Dental Crowns: Types, Purpose, Procedure and Cost

Dental crowns are a fantastic option for repairing your smile’s look, feel, and function. Whether your dentist has advised that you consider getting dental crowns or you’re curious as to if this could be a good option to bring forward at your next check-up and clean, you’re going to want to be as informed as possible. Here is everything you need to know about dental crowns and your different options…

What is a dental crown?

A dental crown is the upper area of your tooth, the majority of the surface. Teeth can be separated into two different sections, the root, which is what makes contact with your gums, and the crown. The crown is the visible area of your tooth, covering the root. A dental crown is an artificial crown that is cemented to the root of your teeth, protecting the area and giving the appearance of a natural crown.

What types are there?

There are a few different options out there when it comes to choosing which dental crown is going to be correct for your smile. Your dentist will help you to decide between the following…

Partial Crown: This type of dental restoration covers some areas of your tooth, but not the entire structure. This is a conservative choice and allows the preservation of your natural tooth, maintaining the organic structure as best as your dentist can. This is the preferred choice of a crown when it is an available choice for your particular condition.

Dental Veneer: Veneers will most commonly be crafted from porcelain in order for the full coverage to look natural in your smile. This is also a partial fitting option, covering the front and biting the edge of your tooth.

Temporary Crown: A provisional or temporary crown is fitted onto a tooth or a root when a more permanent crown is being made at a laboratory facility. These are not effective long term and are not used for more than a few weeks at a time.

Metal: Metal materials such as gold or stainless steel can be used as crowns for back teeth that are less visible to the eye. These strong and durable materials make a great option for those who are looking to have less of their natural tooth shaved down. Stainless steel is commonly used for children’s baby teeth.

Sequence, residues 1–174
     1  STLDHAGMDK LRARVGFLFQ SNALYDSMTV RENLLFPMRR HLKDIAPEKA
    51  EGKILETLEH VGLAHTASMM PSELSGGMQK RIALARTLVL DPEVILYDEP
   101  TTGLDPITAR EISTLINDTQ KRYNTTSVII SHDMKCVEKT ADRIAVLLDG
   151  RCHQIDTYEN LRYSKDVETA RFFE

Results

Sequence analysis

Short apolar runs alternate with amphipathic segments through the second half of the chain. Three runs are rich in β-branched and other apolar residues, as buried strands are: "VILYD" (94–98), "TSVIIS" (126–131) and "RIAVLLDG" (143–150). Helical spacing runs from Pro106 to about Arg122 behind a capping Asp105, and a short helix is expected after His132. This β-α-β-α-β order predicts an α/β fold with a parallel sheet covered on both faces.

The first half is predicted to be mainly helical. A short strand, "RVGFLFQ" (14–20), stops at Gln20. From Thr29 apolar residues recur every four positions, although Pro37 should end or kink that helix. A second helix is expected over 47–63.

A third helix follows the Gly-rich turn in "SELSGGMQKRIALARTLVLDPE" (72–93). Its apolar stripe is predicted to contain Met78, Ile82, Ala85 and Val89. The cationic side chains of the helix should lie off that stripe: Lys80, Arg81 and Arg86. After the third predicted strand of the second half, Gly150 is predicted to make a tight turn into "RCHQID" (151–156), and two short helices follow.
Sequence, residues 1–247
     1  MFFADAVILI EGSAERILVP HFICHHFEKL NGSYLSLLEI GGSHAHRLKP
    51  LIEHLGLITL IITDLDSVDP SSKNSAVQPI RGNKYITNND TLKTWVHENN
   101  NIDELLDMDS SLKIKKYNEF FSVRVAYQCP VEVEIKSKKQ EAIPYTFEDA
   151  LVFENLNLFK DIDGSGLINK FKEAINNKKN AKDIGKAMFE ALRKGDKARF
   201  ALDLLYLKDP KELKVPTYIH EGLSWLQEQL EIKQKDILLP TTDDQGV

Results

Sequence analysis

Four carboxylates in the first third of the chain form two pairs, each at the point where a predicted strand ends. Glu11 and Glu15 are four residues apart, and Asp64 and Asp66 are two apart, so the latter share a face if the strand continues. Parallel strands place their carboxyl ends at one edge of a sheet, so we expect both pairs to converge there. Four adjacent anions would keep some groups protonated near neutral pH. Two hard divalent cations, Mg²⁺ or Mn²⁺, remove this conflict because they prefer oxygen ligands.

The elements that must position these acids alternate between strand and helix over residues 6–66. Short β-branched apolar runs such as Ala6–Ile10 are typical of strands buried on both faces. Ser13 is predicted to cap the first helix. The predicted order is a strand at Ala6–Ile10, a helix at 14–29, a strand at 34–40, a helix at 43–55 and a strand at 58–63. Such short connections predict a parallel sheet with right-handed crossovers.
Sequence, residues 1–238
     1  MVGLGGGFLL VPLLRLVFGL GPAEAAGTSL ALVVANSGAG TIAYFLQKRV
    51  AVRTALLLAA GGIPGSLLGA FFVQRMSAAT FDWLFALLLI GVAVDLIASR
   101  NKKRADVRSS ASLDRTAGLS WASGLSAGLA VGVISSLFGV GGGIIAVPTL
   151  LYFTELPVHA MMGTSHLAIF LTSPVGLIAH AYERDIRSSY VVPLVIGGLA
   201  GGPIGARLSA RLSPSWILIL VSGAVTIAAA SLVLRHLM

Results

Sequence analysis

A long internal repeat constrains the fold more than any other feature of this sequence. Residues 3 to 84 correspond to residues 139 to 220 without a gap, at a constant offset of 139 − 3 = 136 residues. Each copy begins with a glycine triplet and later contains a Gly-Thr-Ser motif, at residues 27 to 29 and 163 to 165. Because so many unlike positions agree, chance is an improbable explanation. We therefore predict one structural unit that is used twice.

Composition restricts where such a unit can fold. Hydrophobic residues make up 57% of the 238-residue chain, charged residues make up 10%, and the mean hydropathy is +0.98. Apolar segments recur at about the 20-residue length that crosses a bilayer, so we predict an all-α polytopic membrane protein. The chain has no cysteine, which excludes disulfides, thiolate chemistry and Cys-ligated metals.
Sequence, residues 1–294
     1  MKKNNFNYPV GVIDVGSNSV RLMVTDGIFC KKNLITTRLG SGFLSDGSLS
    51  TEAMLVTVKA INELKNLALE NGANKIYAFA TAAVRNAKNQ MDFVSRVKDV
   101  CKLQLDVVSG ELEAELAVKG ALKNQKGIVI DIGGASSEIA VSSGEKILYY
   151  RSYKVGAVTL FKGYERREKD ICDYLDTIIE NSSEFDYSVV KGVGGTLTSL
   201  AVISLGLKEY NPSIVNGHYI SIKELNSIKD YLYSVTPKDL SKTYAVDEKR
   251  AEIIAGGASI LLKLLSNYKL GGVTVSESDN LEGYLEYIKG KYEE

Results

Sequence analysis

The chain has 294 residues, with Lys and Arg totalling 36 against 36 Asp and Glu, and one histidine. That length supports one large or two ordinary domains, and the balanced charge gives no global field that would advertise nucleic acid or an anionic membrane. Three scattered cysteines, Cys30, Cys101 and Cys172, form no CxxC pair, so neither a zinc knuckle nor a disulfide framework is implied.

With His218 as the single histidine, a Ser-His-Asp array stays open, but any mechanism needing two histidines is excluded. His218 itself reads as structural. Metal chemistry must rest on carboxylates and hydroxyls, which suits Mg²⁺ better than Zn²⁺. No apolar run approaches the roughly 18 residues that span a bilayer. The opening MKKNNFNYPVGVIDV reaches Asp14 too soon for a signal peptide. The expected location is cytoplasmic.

Porcelain: Porcelain crowns are the most common type of dental crown as they blend seamlessly into the rest of your smile. The porcelain can be tinted to match the exact shade of your neighboring teeth, you won’t even notice that it is there!

Who needs a dental crown?

Getting a dental crown fitted will likely be needed if you are suffering from one of the following…

Need a large filling: Larger fillings might not be able to be repaired through the traditional means and will instead require more coverage in the form of a crown.

Require a root canal: Root canals mean filing down the tooth and working in the root of the tooth, which might mean that you’ll need a porcelain crown to cover and protect your tooth after the operation.

Have a cracked tooth: Cracked teeth might be beyond repair and require a more protective crown in order to avoid infection or decay over time.

Suffering from tooth decay: Tooth decay can become very serious and require the protection of a crown in order to repair the visual impact as well as the pain caused by sensitivity.

Are there different cost options?

Talk with your dentist about your different pricing options for a dental crown fitting! You’ll get personalized advice and input.